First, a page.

Illustration by Lyra Seaborn ’22.

Lyra Seaborn ’22 (she/her)

Last November, I attended a talk hosted by the psychology department about drama therapy. Child psychologist Katie Lear and her friend and coworker, Zachery Byrd, spoke about the Dungeons and Dragons campaign they were facilitating with adolescent girls dealing with mental health difficulties. They explained how the participants were able to develop social skills, confidence, creativity, and self-advocacy through play.

As a child, my friends and I would spend hours pretending to be horses, cats, mermaids, celebrities, and any other creature that struck our fancy in the moment. Perhaps a symptom of being an only child, I also constantly created worlds, characters, and stories in my head. This process went (and continues to go) beyond mere daydreaming: I can divide the phases of my life into the various “Dreamworlds” I had at the time. In fifth grade, I began co-crafting a new, intricate fantasy world with my best friend. We passed nearly every recess engaged in collaborative oral storytelling. Though we didn’t roll dice or obey any formal rules, we did have “our” characters, which we guided and inhabited through our shared universe (which, in typical fifth-grader fashion, we named Awesomeville). We did all of this without a hint of inhibition or shame.

And then I entered seventh grade. The carefree roleplaying I’d loved my whole life suddenly seemed like “kids’ stuff.” My new goal – which I pursued and clung to like Gollum to the One Ring – was to become “popular,” and cool kids didn’t LARP. I still aspired to make art and one day write a novel, and I still spent a large portion of my waking hours cultivating and living in my ever-evolving Dreamworlds; still, on the outside, I wanted nothing more than to not be seen as a nerd.

High school brought a dissolution to the rigid hierarchy of middle school, but I’d already lost the ability to explore my passions and identity without fear of judgement. Ninth grade also ushered in my first major depressive episode, an eating disorder, and other mental health struggles that would continue to occupy the bulk of my attention until graduation.

Despite my relatively newfound and intense self-consciousness, it was during this period that I became even more obsessed with my Dreamworlds. I ached to return to the joys of my childhood play, and I started viewing the label “nerd” with a sense of pride and aspiration. A couple of my friends and I joined the school’s (all-male) D&D club, but our Dungeon Master abandoned us after just one meeting. Though I still wanted to learn how to play, I was more worried about academics and didn’t think much about it until the psychology lecture.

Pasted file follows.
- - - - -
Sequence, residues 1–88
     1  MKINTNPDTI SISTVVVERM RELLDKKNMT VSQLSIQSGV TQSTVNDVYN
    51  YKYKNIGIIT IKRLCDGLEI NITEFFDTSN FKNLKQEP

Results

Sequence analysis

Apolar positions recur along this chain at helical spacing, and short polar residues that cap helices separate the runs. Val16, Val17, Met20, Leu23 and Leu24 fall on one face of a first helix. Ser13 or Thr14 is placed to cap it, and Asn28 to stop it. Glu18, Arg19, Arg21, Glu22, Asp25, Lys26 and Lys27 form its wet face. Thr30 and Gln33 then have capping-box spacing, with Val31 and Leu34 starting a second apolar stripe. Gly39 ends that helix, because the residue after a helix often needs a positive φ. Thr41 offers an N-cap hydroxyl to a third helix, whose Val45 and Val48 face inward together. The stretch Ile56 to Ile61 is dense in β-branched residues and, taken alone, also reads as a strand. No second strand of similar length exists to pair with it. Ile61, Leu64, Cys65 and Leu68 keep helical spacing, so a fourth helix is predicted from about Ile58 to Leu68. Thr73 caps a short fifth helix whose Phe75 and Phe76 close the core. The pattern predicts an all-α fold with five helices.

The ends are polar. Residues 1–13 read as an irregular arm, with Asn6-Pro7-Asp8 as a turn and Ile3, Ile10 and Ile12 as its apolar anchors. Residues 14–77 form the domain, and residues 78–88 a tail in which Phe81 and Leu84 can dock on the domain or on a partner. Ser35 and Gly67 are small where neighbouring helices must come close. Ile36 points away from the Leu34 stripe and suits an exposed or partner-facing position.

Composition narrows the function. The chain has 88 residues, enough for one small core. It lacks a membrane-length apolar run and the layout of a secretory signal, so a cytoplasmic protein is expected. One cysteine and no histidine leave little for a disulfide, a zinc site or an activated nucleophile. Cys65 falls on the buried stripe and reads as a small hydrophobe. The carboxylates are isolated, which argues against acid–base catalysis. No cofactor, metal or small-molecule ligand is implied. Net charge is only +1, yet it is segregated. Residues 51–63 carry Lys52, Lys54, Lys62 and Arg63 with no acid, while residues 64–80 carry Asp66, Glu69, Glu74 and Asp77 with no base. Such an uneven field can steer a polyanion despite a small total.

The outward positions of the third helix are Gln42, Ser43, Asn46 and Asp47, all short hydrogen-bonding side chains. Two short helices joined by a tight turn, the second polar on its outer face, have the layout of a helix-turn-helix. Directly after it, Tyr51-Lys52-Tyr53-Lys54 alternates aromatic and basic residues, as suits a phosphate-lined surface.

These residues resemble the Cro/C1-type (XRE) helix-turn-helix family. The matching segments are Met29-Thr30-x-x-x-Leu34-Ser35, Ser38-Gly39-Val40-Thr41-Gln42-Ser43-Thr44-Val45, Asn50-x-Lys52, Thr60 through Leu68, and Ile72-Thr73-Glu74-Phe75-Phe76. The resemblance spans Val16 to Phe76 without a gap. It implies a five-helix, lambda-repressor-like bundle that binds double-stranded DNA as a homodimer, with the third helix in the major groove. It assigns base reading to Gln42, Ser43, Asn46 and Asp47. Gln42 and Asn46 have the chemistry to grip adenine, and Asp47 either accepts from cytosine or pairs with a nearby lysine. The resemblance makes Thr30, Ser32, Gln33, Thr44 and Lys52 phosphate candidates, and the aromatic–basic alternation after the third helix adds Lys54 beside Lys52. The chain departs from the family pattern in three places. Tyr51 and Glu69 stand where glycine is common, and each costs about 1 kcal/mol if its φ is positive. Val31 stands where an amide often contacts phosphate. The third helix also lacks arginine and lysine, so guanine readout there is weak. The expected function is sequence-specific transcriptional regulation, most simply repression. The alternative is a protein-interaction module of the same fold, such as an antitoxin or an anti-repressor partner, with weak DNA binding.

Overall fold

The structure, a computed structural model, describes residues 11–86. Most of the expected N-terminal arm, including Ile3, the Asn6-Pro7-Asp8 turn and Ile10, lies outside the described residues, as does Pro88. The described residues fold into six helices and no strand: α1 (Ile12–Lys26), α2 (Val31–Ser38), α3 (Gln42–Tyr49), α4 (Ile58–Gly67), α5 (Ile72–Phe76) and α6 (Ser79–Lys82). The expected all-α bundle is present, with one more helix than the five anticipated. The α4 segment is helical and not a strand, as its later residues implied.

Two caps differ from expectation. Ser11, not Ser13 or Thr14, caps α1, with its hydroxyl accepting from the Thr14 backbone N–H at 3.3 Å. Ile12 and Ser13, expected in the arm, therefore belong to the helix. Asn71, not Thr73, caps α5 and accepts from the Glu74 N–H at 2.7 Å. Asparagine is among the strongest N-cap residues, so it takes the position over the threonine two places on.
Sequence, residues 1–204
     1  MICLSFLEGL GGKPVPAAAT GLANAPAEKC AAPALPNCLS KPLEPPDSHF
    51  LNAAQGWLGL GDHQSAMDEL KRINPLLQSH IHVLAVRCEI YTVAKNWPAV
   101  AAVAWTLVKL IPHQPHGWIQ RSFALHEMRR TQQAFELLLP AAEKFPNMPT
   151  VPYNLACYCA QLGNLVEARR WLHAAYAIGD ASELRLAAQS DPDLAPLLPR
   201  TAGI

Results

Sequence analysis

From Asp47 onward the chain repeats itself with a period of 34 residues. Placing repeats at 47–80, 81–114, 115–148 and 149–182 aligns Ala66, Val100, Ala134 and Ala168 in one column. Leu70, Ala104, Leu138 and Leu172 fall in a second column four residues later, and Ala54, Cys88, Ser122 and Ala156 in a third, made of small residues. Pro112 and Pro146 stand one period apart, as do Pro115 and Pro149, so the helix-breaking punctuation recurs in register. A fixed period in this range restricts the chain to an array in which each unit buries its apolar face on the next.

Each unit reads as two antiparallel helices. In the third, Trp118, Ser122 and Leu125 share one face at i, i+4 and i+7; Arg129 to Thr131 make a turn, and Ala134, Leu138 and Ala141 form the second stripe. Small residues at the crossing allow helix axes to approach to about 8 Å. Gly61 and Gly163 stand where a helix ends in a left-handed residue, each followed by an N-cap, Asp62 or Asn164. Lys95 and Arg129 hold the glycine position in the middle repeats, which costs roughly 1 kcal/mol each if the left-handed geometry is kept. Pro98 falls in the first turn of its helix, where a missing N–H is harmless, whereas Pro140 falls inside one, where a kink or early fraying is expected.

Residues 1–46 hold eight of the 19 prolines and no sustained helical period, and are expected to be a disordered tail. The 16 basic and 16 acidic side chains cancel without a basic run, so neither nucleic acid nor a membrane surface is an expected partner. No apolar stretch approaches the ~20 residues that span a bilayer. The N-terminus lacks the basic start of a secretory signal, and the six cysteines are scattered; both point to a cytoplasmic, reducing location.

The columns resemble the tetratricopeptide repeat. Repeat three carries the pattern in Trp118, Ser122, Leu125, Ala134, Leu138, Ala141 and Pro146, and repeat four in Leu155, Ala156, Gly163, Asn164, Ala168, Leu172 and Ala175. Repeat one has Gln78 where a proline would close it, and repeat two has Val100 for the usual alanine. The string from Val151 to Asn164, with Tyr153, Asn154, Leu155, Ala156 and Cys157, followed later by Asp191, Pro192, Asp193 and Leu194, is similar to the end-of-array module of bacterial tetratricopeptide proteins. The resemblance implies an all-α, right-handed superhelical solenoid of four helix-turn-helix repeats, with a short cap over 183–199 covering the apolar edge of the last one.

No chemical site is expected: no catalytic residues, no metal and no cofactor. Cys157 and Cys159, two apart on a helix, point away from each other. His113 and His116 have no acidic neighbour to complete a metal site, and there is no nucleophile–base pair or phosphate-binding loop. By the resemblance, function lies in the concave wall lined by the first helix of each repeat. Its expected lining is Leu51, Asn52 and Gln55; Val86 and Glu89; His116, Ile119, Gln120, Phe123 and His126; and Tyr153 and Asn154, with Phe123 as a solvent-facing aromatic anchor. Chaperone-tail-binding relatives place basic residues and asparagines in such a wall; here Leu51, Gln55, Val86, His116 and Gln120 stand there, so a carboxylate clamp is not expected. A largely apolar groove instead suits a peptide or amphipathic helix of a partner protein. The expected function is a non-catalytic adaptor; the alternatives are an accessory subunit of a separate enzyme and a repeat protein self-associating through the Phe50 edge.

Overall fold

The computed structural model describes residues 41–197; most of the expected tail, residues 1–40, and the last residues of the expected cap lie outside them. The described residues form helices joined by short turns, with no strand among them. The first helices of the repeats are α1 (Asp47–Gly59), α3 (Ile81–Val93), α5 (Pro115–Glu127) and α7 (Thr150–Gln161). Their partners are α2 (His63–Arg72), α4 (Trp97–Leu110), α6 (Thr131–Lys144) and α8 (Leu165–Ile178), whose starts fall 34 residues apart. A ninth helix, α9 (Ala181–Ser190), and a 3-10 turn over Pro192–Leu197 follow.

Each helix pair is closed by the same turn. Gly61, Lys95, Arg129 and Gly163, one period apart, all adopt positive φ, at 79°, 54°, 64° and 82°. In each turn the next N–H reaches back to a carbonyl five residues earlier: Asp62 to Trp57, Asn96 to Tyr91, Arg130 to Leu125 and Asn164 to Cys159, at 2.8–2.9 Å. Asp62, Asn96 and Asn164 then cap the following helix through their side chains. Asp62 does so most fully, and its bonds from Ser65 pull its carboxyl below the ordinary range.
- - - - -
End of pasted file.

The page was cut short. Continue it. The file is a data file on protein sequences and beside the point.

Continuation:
I was particularly struck by a quote from one of the speakers: “Depression isn’t just caused by bad things; it can also be caused by a lack of good things.” The COVID-19 pandemic had taken away a lot of good things, and I figured a structured creative outlet could combat some of the loneliness and frustration I was feeling. Inspired anew, I finally joined a campaign led by one of my friends over winter break. 

Fantasy often gets a bad rap, and for good reason. The genre and roleplaying spaces are often cisheteronormative and misogynist, and a lot of fantasy “races” are built upon white supremacy and antisemitism (think of the greedy hook-nosed goblins from Harry Potter, or the suspiciously Aryan elves from Lord of the Rings). But what can be so freeing about D&D is its customizability. For instance, our campaign has queer and gender non-conforming characters and cities operating on non-capitalist systems. Our sessions are less about sticking to a set of rules and more about having fun and developing our character arcs.

I have always used my Dreamworlds as a tool to gain insight into the world and myself. While quarantining with my parents at the beginning of the pandemic, I was able to realize and investigate my own queerness through the characters in my head. They also serve as a mechanism to vicariously navigate politics, mental illness, friendship, and anything else I’m curious or angsty about. D&D provides me with another, more tangible way to channel my creativity and interests. Though I may be physically stuck in my dorm room, I can still travel to foreign places, battle monsters, learn extraordinary new skills, and escape the pressures and anxieties of this realm.

Playing doesn’t come anywhere near as easily to me now as it did when I was a kid, but I’m working to overcome my embarrassment and suppress the instinct to cringe. D&D has done wonders for my mental health this semester. I believe that everyone has an inner nerd that is waiting to be nurtured (if it isn’t being already), and it’s past time we stop shaming each other for tapping into the things that make us geek out.